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Inspired by a true story, Five Minutes of Heaven touches on the deepest aspects of human nature, the complex emotional and psychological storms of guilt, revenge, forgiveness and redemption. And it came about by chance.

In 1975 Belfast, Alistair Little (Mark Davison) is a 17 year old leader of a British loyalist Ulster Volunteer Force cell; he and his gang are given the go ahead to kill Jim Griffin (Gerard Jordan) a young Catholic shipyard worker who refuses to give up his job for a Protestant - as a reprisal and a warning. Jim’s 11 year old brother Joe (Kevin O’Neill) watches the tragic event, which destroys the lives of the whole family. Some 30 years later a TV program has arranged a meeting between the grown up and conflicted Joe (James Nesbitt) and the tortured Alistair (Liam Neeson), to be broadcast live. But for the two men, this truth and reconciliation approach is a double edged sword. Alistair has spent 12 years in jail for the crime and Joe feels incapable of forgiveness.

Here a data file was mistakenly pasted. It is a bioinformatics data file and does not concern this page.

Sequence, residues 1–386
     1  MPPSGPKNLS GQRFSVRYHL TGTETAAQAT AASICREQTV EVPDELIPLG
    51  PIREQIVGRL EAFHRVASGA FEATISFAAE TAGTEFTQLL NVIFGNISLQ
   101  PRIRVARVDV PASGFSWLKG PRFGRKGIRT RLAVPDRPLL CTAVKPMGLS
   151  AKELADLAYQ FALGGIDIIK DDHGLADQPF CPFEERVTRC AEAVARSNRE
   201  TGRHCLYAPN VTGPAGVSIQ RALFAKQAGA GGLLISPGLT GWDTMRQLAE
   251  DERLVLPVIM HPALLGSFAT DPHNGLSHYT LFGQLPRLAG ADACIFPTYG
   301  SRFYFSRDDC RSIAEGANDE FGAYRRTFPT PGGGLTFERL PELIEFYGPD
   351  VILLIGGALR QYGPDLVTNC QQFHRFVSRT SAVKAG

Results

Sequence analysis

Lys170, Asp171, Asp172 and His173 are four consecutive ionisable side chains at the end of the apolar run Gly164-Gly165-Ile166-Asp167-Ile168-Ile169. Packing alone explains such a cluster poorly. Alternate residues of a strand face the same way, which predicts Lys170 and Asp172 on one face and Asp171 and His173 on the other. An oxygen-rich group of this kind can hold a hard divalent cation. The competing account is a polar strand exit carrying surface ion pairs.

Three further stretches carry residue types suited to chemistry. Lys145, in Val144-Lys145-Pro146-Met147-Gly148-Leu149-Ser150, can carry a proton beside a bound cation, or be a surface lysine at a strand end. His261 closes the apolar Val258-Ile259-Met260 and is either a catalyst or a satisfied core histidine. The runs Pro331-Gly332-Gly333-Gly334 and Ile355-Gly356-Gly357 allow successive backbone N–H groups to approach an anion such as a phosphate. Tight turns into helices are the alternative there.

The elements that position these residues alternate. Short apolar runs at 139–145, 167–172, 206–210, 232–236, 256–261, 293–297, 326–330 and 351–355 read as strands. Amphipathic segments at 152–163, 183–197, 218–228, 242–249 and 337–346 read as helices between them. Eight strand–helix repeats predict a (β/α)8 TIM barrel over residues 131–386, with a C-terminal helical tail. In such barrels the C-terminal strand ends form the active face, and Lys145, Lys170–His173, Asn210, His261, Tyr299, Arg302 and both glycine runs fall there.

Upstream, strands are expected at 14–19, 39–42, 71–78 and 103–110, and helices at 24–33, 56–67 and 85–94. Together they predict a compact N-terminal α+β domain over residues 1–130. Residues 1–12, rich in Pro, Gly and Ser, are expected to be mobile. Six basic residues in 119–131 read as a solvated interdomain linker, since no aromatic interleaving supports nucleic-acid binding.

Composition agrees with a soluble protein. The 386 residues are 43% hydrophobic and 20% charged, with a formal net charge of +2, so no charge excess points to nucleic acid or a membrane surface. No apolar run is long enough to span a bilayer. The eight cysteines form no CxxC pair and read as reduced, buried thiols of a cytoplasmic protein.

"a chance meeting"

It was a chance meeting that triggered the idea for Five Minutes of Heaven. Producer Eoin O’Callaghan’s wife was working in Holloway Prison researching a stage play and had encountered Alistair Little. He had served time in prison for a murder he committed when he was a young man. At the time Alistair was working with prison groups on conflict resolution that entailed asking difficult questions and inviting individuals to confront their past. He did this by primarily owning up to his own past and accepting responsibility. “My wife insisted I meet this man,” says O’Callaghan.